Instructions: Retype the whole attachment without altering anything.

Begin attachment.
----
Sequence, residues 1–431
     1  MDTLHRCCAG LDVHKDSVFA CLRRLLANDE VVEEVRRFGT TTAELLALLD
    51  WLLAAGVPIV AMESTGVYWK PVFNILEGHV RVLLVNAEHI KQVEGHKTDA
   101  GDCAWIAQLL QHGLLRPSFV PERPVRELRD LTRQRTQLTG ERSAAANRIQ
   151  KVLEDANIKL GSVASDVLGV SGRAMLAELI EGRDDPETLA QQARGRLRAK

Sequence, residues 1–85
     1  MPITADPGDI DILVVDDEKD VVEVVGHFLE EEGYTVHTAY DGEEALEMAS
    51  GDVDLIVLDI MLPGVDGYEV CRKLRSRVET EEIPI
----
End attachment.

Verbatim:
Sequence, residues 1–431
     1  MDTLHRCCAG LDVHKDSVFA CLRRLLANDE VVEEVRRFGT TTAELLALLD
    51  WLLAAGVPIV AMESTGVYWK PVFNILEGHV RVLLVNAEHI KQVEGHKTDA
   101  GDCAWIAQLL QHGLLRPSFV PERPVRELRD LTRQRTQLTG ERSAAANRIQ
   151  KVLEDANIKL GSVASDVLGV SGRAMLAELI EGRDDPETLA QQARGRLRAK

Sequence, residues 1–85
     1  MPITADPGDI DILVVDDEKD VVEVVGHFLE EEGYTVHTAY DGEEALEMAS
    51  GDVDLIVLDI MLPGVDGYEV CRKLRSRVET EEIPI